Sheila Bair on leading the FDIC
I think I got my directness from him--a good Midwestern trait. We can be brutally direct sometimes. He was very direct. Sometimes he would be jarring. At the end of the day, I appreciated it. When he voiced his expectations, you always knew what he wanted. I think directness can be unsettling to some people, but it helps because people appreciate clarity and what's expected of them.
The FDIC has been at the forefront of the financial crisis. How have you kept your employees motivated in the agency's mission and work?
I think we always keep a focus on mission. Protecting insured deposits is a very important, tangible mission. It's one that the public can understand and appreciate. The FDIC has a long history of stability and safety--no one has ever lost a penny of insured deposits. As the crisis unfolded and other sectors were destabilizing, insured deposits remained stable and there were no disruptions. If you look at other government agencies that have high morale, they have a clearly defined mission. The leadership at those agencies has to ensure that people stay focused on the mission and help them understand how their individual jobs relate to the mission.
How do you engage your front-line employees?
In terms of circulating ideas, I do quarterly call-ins so anyone can call or send me questions anonymously. We also have a Web site specifically devoted to employees who want to write in with comments and express views, an employee ombudsman for matters that are more personal, [and] a suggestions program to actively solicit employee support.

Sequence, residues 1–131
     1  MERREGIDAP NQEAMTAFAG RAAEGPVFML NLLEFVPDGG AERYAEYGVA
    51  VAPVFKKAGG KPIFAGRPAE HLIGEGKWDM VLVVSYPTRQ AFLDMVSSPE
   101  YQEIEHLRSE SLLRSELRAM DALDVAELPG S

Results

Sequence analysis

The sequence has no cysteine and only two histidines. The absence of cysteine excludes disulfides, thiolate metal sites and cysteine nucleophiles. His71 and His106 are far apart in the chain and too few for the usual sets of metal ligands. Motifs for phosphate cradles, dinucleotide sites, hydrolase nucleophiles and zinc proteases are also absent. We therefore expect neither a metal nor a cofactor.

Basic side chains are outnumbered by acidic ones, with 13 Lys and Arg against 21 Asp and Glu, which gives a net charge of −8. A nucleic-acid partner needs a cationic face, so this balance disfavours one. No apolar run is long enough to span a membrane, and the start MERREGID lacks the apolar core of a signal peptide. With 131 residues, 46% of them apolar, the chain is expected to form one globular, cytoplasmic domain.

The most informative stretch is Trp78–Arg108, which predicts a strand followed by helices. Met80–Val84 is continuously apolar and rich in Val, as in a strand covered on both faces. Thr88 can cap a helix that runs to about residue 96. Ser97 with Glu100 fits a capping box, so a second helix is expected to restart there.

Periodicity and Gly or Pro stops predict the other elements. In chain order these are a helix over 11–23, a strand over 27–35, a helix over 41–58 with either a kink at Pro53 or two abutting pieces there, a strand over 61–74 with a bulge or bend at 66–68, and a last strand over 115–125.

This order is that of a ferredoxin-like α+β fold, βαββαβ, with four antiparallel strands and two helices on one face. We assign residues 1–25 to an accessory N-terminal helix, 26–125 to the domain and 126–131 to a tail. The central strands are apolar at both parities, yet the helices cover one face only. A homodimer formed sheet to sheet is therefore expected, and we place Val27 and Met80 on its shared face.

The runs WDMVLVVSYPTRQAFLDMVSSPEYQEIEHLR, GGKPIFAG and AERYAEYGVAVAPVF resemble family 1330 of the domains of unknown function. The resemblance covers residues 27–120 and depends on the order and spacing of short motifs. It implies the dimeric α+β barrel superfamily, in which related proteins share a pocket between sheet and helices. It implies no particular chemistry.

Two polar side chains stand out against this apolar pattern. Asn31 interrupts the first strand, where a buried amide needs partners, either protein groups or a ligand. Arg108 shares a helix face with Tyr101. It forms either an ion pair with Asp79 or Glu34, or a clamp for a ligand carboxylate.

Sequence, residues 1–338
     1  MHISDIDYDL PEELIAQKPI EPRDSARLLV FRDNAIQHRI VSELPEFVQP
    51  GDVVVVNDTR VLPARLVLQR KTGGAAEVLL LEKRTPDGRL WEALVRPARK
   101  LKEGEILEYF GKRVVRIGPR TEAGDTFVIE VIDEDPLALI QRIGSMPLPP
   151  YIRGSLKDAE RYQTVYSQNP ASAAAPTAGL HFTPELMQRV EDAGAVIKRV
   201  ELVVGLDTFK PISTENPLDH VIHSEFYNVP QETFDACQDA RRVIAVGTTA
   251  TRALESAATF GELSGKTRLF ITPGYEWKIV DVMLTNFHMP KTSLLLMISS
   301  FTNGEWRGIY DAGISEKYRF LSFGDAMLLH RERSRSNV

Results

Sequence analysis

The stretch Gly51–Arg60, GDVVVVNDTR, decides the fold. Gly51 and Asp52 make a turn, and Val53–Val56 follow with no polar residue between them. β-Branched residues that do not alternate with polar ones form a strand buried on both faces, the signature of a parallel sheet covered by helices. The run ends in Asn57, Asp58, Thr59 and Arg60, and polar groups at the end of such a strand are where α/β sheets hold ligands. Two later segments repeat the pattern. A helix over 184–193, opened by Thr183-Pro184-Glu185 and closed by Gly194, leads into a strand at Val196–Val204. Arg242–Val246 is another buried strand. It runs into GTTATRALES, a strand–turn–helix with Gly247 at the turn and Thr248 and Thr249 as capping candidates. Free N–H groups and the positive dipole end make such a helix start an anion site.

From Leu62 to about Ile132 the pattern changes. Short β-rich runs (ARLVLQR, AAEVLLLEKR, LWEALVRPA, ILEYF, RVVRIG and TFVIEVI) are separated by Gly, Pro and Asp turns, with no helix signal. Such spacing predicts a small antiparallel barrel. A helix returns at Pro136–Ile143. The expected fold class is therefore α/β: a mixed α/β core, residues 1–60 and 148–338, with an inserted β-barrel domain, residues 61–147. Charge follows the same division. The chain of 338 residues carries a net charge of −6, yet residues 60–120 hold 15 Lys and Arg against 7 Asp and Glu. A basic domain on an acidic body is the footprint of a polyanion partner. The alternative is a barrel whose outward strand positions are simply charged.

We also undertook a culture change initiative [where we] asked the executive management to start engaging more on a top-down basis to solicit feedback. It was all about employee empowerment, making sure that employees feel empowered to voice their views. With the ability to voice these views comes the responsibility to do so and understand that managers are obliged to hear your views. Employees have had a lot of influences on the changes we've made here. I think if they feel empowered to do their job, if they feel like their job is relevant, they'll do it well.
Day in and day out, how do you prioritize your time?
I think there are a couple of core jobs being the chairman of the FDIC. One is being a leader for the organization [and] making sure we deliver on our mission. Risk management is also important and I spend a lot of time in briefings getting reports on how we're doing in various areas. And of course, working with the FDIC board is also something I spend a lot of time on. All of our major decisions go before the board for approval. And at the end of the day, I like having a board. It's a good a collaborative process.
I spend time externally. One of the first people I met with when I got this job was Bill Seidman, our famous former FDIC chairman. His advice was that the FDIC is all about public confidence, and to that end, you have to interact with the media. Be open, be accessible. I took his advice to heart. I make myself available for media interviews, [because] I think those help public confidence and ensure more transparency.
What do you consider to be a critical event to your becoming the leader you are today?
One of the things that has helped me is that I've worked at all levels. I worked as a bank teller between college and law school. When I started with the government, I was a GS-11 attorney. It was a progression--I didn't start at the top. I think having those experiences and seeing it from the perspective of the managed as well as the manager has helped. So I do understand how people feel lost in the shuffle or not appreciated as much as they should be, [and] I try to bring those things to my management style.
The comments to this entry are closed.